Codevilla said incidental electronic spying can be used as an excuse since modern encryption technology prevents electronic spying on diplomatic targets through traditional and widely used capture-and-sort electronic communications collection methods.
"Virtually all of it is by highly targeted, very high tech bugging," he said. "And Internet servers are the fattest contemporary targets for electronic surveillance."
The House investigation has been marked by partisan infighting, with Democrats on the committee charging Nunes has compromised the inquiry by contacting the president. Schiff, the ranking committee member, has called for an independent investigation. Others have called on Nunes to recuse himself.
Nunes has rejected the Democrats' charges and continues to press ahead, the committee aide said.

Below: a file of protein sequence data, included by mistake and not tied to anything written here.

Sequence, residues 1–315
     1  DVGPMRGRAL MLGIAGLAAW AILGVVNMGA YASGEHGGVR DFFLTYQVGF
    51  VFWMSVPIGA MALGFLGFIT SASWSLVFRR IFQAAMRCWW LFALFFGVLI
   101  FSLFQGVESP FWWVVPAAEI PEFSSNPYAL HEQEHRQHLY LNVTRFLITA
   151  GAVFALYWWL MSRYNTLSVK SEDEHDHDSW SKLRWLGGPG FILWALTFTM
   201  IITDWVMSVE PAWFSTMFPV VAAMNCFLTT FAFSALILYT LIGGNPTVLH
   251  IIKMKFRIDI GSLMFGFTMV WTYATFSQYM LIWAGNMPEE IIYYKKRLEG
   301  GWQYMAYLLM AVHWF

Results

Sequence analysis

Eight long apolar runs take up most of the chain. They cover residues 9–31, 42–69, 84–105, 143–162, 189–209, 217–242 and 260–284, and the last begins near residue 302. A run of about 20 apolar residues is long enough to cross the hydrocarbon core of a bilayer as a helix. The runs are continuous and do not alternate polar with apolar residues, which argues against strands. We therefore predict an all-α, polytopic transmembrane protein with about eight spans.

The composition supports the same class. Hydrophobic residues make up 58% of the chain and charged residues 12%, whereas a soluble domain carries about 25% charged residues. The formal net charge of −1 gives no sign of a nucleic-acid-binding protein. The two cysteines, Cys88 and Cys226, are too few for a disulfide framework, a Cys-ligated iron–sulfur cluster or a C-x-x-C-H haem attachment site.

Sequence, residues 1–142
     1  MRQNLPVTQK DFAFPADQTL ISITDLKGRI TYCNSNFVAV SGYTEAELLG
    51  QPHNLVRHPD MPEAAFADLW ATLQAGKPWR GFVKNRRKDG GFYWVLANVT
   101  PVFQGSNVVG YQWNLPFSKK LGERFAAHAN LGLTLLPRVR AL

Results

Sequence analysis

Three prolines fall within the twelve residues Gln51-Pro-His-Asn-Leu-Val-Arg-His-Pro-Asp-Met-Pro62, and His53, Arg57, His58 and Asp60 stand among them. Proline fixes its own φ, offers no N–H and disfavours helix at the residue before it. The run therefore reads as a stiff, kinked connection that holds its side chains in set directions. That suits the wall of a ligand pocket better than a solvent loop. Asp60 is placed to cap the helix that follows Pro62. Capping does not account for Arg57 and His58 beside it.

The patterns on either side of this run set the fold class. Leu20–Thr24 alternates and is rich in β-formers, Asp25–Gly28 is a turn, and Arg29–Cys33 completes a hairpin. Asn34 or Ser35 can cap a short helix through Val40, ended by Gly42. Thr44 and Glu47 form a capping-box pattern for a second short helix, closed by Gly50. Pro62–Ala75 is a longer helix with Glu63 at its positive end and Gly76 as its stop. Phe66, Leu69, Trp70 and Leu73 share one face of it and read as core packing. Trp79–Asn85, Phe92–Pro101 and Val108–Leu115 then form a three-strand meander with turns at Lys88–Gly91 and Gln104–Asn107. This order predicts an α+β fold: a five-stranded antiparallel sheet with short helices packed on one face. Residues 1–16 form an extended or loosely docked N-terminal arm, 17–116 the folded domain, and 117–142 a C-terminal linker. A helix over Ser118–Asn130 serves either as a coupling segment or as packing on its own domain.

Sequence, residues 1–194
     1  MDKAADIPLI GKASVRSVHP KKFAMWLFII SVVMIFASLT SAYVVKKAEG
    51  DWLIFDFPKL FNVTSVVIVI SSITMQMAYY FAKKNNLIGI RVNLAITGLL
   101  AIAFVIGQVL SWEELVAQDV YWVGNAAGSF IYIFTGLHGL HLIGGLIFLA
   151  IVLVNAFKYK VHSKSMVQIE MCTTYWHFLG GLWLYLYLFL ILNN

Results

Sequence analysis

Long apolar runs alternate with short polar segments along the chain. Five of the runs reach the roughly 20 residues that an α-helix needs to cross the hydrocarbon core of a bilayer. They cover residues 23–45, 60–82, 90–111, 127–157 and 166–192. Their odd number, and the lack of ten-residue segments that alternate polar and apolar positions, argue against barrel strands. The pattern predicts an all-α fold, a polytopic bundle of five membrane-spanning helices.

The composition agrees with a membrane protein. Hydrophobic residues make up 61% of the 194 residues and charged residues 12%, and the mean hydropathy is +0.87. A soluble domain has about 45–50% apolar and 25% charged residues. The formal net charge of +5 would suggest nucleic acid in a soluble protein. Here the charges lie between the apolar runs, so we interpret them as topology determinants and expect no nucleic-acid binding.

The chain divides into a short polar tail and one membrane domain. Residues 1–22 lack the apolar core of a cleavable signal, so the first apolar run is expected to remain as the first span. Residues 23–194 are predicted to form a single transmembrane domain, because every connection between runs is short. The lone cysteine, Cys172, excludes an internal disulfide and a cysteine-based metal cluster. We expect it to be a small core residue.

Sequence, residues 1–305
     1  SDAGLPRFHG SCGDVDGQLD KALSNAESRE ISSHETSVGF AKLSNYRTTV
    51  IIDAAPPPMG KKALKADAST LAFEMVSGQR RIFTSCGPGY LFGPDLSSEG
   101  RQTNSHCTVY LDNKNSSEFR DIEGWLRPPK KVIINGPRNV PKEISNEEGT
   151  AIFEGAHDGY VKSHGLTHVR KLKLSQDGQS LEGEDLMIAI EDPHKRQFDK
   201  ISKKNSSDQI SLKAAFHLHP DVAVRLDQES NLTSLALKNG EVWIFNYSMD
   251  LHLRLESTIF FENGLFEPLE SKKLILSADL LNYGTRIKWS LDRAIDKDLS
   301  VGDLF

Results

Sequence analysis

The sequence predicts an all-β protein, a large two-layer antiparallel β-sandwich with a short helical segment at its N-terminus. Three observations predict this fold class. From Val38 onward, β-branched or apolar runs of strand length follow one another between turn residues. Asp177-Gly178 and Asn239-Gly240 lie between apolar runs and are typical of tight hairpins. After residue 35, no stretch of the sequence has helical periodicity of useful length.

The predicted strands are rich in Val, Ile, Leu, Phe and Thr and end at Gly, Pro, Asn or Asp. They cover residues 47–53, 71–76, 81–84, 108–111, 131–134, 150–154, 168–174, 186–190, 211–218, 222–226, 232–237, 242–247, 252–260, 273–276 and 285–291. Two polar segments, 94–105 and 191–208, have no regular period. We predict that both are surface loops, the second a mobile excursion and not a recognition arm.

The Democrats' criticism is unusual. In recent years, Democratic lawmakers have been critical of alleged improper NSA surveillance. Now that Nunes is focusing on the apparent improper surveillance of the Trump transition team, the Democrats appear uninterested in the issue.
Sen. Ron Wyden (D., Ore.), perhaps Capitol Hill's most outspoken opponent of electronic surveillance as a threat to Americans' privacy, has been silent on Nunes' disclosures of improper surveillance.
Wyden told the Washington Post that Nunes' statements appear to reveal classified information and were a "serious concern."
"With regard to the substance of his claims, I have no idea what he is talking about," Wyden said.
A spokeswoman for Wyden did not return emails seeking comment.